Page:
The Psalter contains various types of psalms: individual laments, communal laments, hymns of thanksgiving, royal psalms. Many attribute the composition of the Psalms to David. For the most part, however, while it is possible that David is recognized as a contributor, many of the authors are unknown, and there is much uncertainty in dating them to a particular time period. Nevertheless, these compositions may have been sung collectively, individually, responsively, or by choirs with musical accompaniment. They could have been performed a number of ways. The important factor is that these songs were sung.

Each of these examples demonstrates the importance of singing to express joy, celebration, and turmoil in Israelite culture. At times, the writers describe groups singing the songs collectively, and in other instances figures sing alone. Yet the art of singing was a means of expression in the culture that all could use to assist in navigating joys and sorrows of everyday life.

It is also possible that many parts of the Old Testament may have been sung at some point. There have been several attempts to find musical keys and notation in the Hebrew text that give clues to how this was done. Although this work is controversial and dismissed by many, there are some interesting approaches and musical creations that have developed out of this. For example, the late Suzanne Haïk-Vantoura, a world-renowned composer and organist, developed a musical system derived from the letters of the Masoretic text that provides a means to sing passages. While she was not a trained academic, this system, the te’amim, allowed her to write compositions and arrangements to make recordings of her musical interpretations with instruments and voices. Although there is no way that any of the approaches and interpretations can be considered authentic or the means to knowing what the music of the past sounded like, they are incredible artistic creations based on the biblical text.


Prophets also used music to prophesy. The biblical writers describe a band of prophets descending from a high place, and a group of musicians play in front of them. As they play, the prophets are in a prophetic frenzy. In this instance, the music is connected to the prophets’ actions, and a bystander, King Saul, is passively pulled into the fray. As the prophets and musicians approach, Samuel, a priest and prophet, tells King Saul that “the spirit of the LORD will possess you, and you will be in a prophetic frenzy along with them and be turned into a different person” (1 Sam 10:6). At times, the king’s court prophets employed music to help with prophesying. The king of Israel desired to know what to do. He asked the prophet Elisha to prophesy. Elisha said, “But get me a musician.” And then, while the musician was playing, the power of the LORD came on him” (2 Kgs 3:15). The prophet used this art form to help him to hear and deliver the prophesy to the king.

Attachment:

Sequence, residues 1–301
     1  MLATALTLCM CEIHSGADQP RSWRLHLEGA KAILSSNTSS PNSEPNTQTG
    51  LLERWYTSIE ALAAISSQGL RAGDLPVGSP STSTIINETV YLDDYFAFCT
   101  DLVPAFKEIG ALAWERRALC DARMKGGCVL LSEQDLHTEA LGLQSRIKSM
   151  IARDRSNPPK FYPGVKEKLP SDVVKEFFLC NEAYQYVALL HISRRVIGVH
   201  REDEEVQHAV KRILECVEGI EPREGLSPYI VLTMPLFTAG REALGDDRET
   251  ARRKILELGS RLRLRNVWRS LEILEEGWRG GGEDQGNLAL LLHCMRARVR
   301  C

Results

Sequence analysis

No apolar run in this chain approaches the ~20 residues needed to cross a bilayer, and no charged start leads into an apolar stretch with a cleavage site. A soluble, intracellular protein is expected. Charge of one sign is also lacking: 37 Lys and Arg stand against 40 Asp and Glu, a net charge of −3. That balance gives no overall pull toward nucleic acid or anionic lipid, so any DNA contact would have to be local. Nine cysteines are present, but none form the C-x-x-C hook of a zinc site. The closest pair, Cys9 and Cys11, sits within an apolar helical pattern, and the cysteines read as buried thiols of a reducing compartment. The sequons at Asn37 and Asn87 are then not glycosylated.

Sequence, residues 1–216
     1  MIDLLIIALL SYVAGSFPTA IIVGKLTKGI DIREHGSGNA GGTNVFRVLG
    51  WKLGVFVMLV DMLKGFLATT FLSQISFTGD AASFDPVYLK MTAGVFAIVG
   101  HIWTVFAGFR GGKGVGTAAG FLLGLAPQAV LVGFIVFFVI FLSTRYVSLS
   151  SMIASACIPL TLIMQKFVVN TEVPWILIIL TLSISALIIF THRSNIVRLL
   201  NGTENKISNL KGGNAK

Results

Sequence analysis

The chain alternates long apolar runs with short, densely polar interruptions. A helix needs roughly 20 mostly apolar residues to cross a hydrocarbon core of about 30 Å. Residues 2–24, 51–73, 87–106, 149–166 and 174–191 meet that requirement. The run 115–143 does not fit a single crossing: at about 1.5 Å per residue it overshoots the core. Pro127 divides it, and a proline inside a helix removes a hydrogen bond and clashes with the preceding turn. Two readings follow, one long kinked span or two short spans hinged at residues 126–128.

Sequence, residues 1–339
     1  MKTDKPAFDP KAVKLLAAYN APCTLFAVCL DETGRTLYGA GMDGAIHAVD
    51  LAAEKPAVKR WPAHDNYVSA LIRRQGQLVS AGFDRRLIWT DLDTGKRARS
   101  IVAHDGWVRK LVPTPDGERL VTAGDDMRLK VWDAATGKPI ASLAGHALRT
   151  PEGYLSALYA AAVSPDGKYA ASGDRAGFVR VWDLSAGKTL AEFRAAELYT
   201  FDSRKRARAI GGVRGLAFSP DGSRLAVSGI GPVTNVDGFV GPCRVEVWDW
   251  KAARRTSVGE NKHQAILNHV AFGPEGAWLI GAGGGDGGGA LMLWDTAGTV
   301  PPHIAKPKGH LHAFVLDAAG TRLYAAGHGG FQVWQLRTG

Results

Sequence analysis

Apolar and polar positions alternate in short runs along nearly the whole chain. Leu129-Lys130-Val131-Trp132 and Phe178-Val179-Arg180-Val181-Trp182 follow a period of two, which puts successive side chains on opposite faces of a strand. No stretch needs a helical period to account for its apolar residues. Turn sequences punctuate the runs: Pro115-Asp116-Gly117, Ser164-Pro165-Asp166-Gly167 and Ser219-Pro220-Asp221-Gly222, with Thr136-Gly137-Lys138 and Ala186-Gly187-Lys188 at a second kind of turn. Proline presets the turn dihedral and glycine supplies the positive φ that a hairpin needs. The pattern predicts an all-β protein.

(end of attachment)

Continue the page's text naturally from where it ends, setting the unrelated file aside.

Music and dance.

Dance was also an essential part of the culture. The writers describe dancing with musical accompaniment. The instruments are usually rhythmical, like the frame drum, and mostly involve women. Miriam and women following her celebrate with frame drums, singing, and dancing (Exod 15:20). It appears that there were women’s troupes as well among the Israelites. The writers describe groups of women that entertained. The Benjaminites used this to their advantage when attempting to find wives. “And they instructed the Benjaminites, saying, ‘Go and lie in wait in the vineyard, and watch; when the young women of Shiloh come out to dance in the dances then come out of the vineyards and each of you carry off a wife for himself from the young women of Shiloh and go to the land of Benjamin’ ” (Judg 21:20). The musical accompaniment is not mentioned, but there would have been musicians playing music to which they danced. The women’s victory song groups also welcome home soldiers returning from a victorious battle “… the women came out of all the towns of Israel, singing and dancing, to meet King Saul” (1 Sam 18:6).

The Israelites danced in celebration and praise as a group. When Moses comes down from the mountain after receiving the tablets from God, he hears noise coming from the camp. “As soon as he came near the camp and saw the calf and the dancing, Moses’s anger burned hot, and he threw the tablets from his hands and broke them at the foot of the mountain” (Exod 32:19).

There were individuals that danced alone. As the Israelites made their way with the Ark into Jerusalem, David danced “before the LORD with all his might” (2 Sam 6:14). The writers list the instruments performing as they made their trek: lyres, harps, frame drums, cymbals, and castanets (rattles) (2 Sam 6:5).

Musical instruments.

What kinds of instruments were used in creating this art in ancient Israel? Following is a brief discussion including specific descriptions of instruments from Israelite culture.


Lyres and harps were the most prominent instruments in Israel. Musicians played them to accompany singers, and they were played with other instruments as well. In the biblical writers’ description of prophets coming from the high place (1 Sam 10:5), the group of musicians that play in front of them consists of four instruments—a harp, lyre, frame drum, and pipe—and their music contributes to the prophets being in a prophetic frenzy.

Lyres and harps are also played alone. When Saul has problems with a tormenting evil spirit, David plays the lyre to ease the anguish and cause the spirit to depart (1 Sam 16:23). Lyres played alone are also connected to prophesying. In the Chronicler’s description of music in the Israelite Temple, he states that Jeduthun’s sons, Gediliah, Zeri, Jeshaiah, Shimei, Hashabiah, and Mattithiah, under the direction of their father, prophesied with the lyre in thanksgiving and praise to Yahweh. Musicians also played the harp alone in similar ways (e.g., Ps 71:22).